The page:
Tra Arte e Cinema, 1st edition
Learning about Contemporary Art through Audio-Visual Media
For the benefit of the students of the Accademia di Brera, but especially for anyone who wants to deepen their knowledge of contemporary art themes, the projection cycle unites nine films about some of the protagonists who’ve made their mark on the development of contemporary visual culture, and films made by artists who’ve chosen cinema as their means of expression.
The film series intends to include itself in the increasingly heated debate on the relationship between cinema and art. The exploration of the various ways in which the interweaving of these two visual expressive forms may lead to the discovery of a vibrant, rich interaction, made of interdependences, correspondences and appropriations. The aim is to show how the cinematic medium, like the written word, can be used to critically investigate and interpret the world of contemporary visual arts.
Sala Teatro dell’Accademia di Belle Arti di Brera
Milan, May 10-13, 2011 – starting at 4 p.m.
All the films are shown in DVD format, in their original languages, with Italian subtitles.
At the Accademia di Belle Arti di Brera in Milan, Lo schermo dell’Arte Film Festival will offer a program of films from its archive, originally presented in 2008, 2009 and 2010.
by Lorenzo Fonda, Italy, 2008, 55’
An original film-diary of a journey of development and discovery taken towards the end of 2006 by well-known street artist Blu, along with director Lorenzo Fonda and friends Silvia Siberini (“Sibe”) and Ivan Merlo, through five Latin American countries (Mexico, Guatemala, Nicaragua, Costa Rica and Argentina). The footage of Blu at work, and his extraordinary animation pieces, reflect the enthusiasm of the many people encountered and the vitality of the places the group visited.
Jean Michel Basquiat. The Radiant Child
by Tamra Davis, USA, 2010, 90’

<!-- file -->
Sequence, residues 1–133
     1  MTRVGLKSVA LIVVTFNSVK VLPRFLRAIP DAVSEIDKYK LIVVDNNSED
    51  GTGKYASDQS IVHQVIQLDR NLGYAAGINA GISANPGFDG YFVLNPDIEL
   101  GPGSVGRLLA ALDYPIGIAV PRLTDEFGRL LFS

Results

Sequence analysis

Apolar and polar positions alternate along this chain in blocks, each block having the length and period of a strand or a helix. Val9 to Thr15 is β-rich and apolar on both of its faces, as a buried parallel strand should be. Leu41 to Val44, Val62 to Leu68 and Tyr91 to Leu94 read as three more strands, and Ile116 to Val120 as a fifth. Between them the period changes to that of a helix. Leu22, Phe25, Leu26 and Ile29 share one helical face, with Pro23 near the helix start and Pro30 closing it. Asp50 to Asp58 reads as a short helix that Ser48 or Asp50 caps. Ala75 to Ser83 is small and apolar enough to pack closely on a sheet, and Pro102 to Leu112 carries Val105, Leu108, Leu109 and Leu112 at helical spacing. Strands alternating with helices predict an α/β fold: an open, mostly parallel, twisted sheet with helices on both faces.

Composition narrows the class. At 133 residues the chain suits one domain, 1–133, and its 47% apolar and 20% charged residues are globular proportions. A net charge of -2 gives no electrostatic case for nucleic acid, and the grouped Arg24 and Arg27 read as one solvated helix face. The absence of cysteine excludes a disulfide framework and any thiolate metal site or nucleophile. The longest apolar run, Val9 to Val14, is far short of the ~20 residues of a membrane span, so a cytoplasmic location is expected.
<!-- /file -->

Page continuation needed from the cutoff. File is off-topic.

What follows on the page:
The film is based on a video-interview Tamra Davis did with her friend Jean-Michel Basquiat in the summer of 1986. To the beat of music by J. Ralph, and Adam Horovitz and Mike D of the Beastie Boys, friends, fellow-artists and art dealers (including Julian Schnabel, Annina Nosei and the director herself) tell their stories about the climate in which the Basquiat phenomenon occurred.
by Alfredo Jaar, 2009, 38’
An homage to Pier Paolo Pasolini, author of the famous poem cycle Le ceneri di Gramsci, which gives Alfredo Jaar’s work its title, the film hinges critically and poetically on the theme of awareness. Pasolini’s words, taken from interviews and film clips, appear extraordinarily prophetic of Italy’s current social and political realities.
Episode 3 – Enjoy Poverty
by Renzo Martens, 2008, color, 90’
For two years, Dutch artist Renzo Martens traveled across the Democratic Republic of Congo videotaping the dramatic living conditions endured by most of the population. Provocative and controversial, the film revolves around the installation Enjoy Poverty Please, and narrates the artist’s attempt to teach the Congolese people to photograph their own poverty, thereby putting pressure on the mechanisms linked to the power of the image and communication, which is held, in those countries, by major Western news agencies.
by Libia Castro & Ólafur Ólafsson, 2009, 19’
Among the works that won the Prix de Rome 2009, this video, taped between Brussels and Strasbourg, explores the activities of “lobbyists” whose aim is to influence the legislative activity of the European Parliament. In this genuine documentary film, Castro & Olafsson (who have been invited to represent Iceland in the next Venice Biennale, 2011), link their study of historic sources with current interviews and film segments.
The Anarchist Banker
by Jan Peter Hammer, 2010, 29’
Based on a story written by Fernando Pessoa in 1922, the film revisits the plot and dialogues in a contemporary key. Following the financial crash of 2008, a well-known American banker and the anchorman of a fictitious TV talk show confront each other in a subtle contest of logic and psychology whose aim is to investigate, through the character of the banker, whether it is possible to reconcile anarchy and a free market.
by C. Scott Willis, USA, 2010, 82’
Awarded “Best New York Documentary” at the Tribeca Film Festival, The Woodmans revolves around the work and character of photographer Francesca Woodman, and the story of her artistic family. C. Scott Willis reconstructs the artist’s profile–she died when she was only 22–alternating between film clips, photographs and excerpts from her diary and interviews with her mother Betty, father George and brother Charles.
Our City Dreams
by Chiara Clemente, USA, 2008, 85’
The director follows five famous women artists who’ve chosen New York as their workplace: Swoon, Ghada Amer, Kiki Smith, Marina Abramovic and Nancy Spero. Manhattan is the starting point for the five protagonists’ physical and mental journeys; they talk about their work and themselves in this film, which succeeds not only in capturing the extraordinary aspects of their lives, but also in making viewers reflect upon the artistic strength of the human experience in relationship to a place.